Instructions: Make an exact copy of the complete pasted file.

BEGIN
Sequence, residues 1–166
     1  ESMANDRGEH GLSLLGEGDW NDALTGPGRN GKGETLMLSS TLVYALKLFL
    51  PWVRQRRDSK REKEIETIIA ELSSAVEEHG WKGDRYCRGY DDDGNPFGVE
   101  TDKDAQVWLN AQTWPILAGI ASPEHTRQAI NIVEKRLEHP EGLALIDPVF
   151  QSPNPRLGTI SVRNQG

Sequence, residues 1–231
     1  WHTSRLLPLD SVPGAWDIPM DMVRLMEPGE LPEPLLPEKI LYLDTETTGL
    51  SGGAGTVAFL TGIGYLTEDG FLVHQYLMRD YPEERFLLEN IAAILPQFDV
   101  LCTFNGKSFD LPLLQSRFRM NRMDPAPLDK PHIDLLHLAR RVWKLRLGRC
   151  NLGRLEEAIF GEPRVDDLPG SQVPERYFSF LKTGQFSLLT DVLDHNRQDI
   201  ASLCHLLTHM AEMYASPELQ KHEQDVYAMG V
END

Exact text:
Sequence, residues 1–166
     1  ESMANDRGEH GLSLLGEGDW NDALTGPGRN GKGETLMLSS TLVYALKLFL
    51  PWVRQRRDSK REKEIETIIA ELSSAVEEHG WKGDRYCRGY DDDGNPFGVE
   101  TDKDAQVWLN AQTWPILAGI ASPEHTRQAI NIVEKRLEHP EGLALIDPVF
   151  QSPNPRLGTI SVRNQG

Sequence, residues 1–231
     1  WHTSRLLPLD SVPGAWDIPM DMVRLMEPGE LPEPLLPEKI LYLDTETTGL
    51  SGGAGTVAFL TGIGYLTEDG FLVHQYLMRD YPEERFLLEN IAAILPQFDV
   101  LCTFNGKSFD LPLLQSRFRM NRMDPAPLDK PHIDLLHLAR RVWKLRLGRC
   151  NLGRLEEAIF GEPRVDDLPG SQVPERYFSF LKTGQFSLLT DVLDHNRQDI
   201  ASLCHLLTHM AEMYASPELQ KHEQDVYAMG V